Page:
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|Title:||Motorcycle fuel tanks and pelvic fractures: a motorcycle fuel tank syndrome|
Dal Nevo, R.
|Citation:||Traffic Injury Prevention, 2016; 17(6):644-649|
|Publisher:||Taylor & Francis|
|Lauren Meredith, Matthew Baldock, Michael Fitzharris, Johan Duflou, Ross Dal Nevo, Michael Griffiths and Julie Brown|
|Abstract:||Objective: Pelvic injuries are a serious and commonly occurring injury to motorcycle riders involved in crashes, yet there has been limited research investigating the mechanisms involved in these injuries. This study aimed to investigate the mechanisms involved in pelvic injuries to crashed motorcyclists. Method: This study involved in-depth crash investigation and, convenience-based data sets were used. These data sets investigated motorcycle crashes in the Sydney, Newcastle, and Adelaide regions. Participants included motorcycle riders who had crashed either on a public road or private property within the study areas. The mechanism of injury and the type of injuries were investigated. Results: The most frequent cause of pelvic injuries in crashed motorcyclists was due to contact with the motorcycle fuel tank during the crash. For riders who had come into contact with the fuel tank, the injury types were able to be grouped into, categories based on the complexity of the injury. The complexity of the injury appeared to increase with impact speed but this was a nonsignificant trend. The pelvic injuries that did not occur from contact with the fuel tank in this sample differed in asymmetry of loading and did not commonly involve injury to the bladder. They were commonly one-sided injuries but this differed based on the point of loading, however, a larger sample of these injuries needs to be investigated. Conclusion: Overall improvements in road safety have not been replicated in the amelioration of pelvic injuries in motorcyclists and improvements in the design of crashworthy motorcycle fuel tanks appear to be required.|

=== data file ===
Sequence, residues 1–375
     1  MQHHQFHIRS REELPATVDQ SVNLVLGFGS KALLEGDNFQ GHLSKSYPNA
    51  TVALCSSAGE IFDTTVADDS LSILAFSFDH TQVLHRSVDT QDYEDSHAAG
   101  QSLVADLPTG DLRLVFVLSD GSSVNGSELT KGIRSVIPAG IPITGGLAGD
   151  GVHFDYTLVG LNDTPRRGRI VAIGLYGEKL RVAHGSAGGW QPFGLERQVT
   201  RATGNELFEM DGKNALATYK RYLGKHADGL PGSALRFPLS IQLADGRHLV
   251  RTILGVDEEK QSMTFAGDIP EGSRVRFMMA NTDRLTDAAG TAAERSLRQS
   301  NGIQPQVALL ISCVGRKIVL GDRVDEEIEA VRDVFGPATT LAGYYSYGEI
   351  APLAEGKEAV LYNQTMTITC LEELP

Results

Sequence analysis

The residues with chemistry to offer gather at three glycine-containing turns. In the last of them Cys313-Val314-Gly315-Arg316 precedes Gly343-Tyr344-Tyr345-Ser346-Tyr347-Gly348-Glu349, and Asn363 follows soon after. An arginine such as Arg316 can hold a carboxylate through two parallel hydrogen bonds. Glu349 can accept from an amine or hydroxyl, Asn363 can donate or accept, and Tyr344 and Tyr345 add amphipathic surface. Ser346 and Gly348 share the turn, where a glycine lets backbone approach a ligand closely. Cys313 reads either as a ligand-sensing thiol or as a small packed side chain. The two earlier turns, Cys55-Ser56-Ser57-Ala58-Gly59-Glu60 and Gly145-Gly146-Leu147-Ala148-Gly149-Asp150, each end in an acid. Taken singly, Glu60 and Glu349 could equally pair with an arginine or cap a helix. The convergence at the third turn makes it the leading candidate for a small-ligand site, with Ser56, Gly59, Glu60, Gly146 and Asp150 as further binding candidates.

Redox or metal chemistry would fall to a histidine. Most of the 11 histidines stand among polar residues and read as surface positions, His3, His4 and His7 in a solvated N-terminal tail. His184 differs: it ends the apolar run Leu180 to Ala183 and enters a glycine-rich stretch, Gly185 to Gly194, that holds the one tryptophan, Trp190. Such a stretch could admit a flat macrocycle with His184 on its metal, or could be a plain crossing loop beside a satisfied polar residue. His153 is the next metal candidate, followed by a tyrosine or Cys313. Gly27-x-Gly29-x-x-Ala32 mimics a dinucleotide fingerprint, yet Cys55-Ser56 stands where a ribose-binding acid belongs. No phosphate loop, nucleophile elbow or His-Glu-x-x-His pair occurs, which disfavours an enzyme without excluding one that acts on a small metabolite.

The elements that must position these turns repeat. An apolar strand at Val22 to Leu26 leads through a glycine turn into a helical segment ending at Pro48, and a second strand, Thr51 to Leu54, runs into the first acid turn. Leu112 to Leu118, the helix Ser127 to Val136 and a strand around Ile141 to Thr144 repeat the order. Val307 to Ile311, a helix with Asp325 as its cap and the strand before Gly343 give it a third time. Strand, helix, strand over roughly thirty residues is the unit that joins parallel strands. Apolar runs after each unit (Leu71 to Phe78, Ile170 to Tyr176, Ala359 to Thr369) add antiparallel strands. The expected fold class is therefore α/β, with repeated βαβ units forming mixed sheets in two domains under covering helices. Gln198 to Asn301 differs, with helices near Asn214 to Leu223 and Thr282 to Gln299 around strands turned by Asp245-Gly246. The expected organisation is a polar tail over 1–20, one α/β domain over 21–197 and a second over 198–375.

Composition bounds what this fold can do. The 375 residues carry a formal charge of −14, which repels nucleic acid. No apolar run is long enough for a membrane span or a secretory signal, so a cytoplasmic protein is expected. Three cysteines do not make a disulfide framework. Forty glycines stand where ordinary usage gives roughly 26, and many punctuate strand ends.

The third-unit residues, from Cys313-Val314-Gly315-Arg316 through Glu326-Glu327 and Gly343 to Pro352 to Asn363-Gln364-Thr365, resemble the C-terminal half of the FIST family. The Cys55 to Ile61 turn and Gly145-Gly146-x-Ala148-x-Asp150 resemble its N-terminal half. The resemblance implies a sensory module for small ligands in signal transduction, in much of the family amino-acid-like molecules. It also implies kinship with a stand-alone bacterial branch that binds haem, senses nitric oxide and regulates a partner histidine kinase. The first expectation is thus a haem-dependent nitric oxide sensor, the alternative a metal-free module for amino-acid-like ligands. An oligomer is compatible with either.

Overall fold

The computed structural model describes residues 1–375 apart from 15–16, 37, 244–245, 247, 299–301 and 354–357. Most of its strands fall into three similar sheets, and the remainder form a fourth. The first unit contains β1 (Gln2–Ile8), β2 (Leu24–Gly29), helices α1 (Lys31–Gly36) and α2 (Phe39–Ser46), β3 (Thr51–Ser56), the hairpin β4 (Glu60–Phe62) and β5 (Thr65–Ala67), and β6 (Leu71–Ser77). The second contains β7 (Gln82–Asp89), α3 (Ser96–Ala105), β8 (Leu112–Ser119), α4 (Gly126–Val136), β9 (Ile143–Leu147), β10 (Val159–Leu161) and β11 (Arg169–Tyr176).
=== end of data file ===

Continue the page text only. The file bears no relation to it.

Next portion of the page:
|Rights:||© 2016 Taylor & Francis Group, LLC|
|Appears in Collections:||Aurora harvest 7|
Centre for Automotive Safety Research publications
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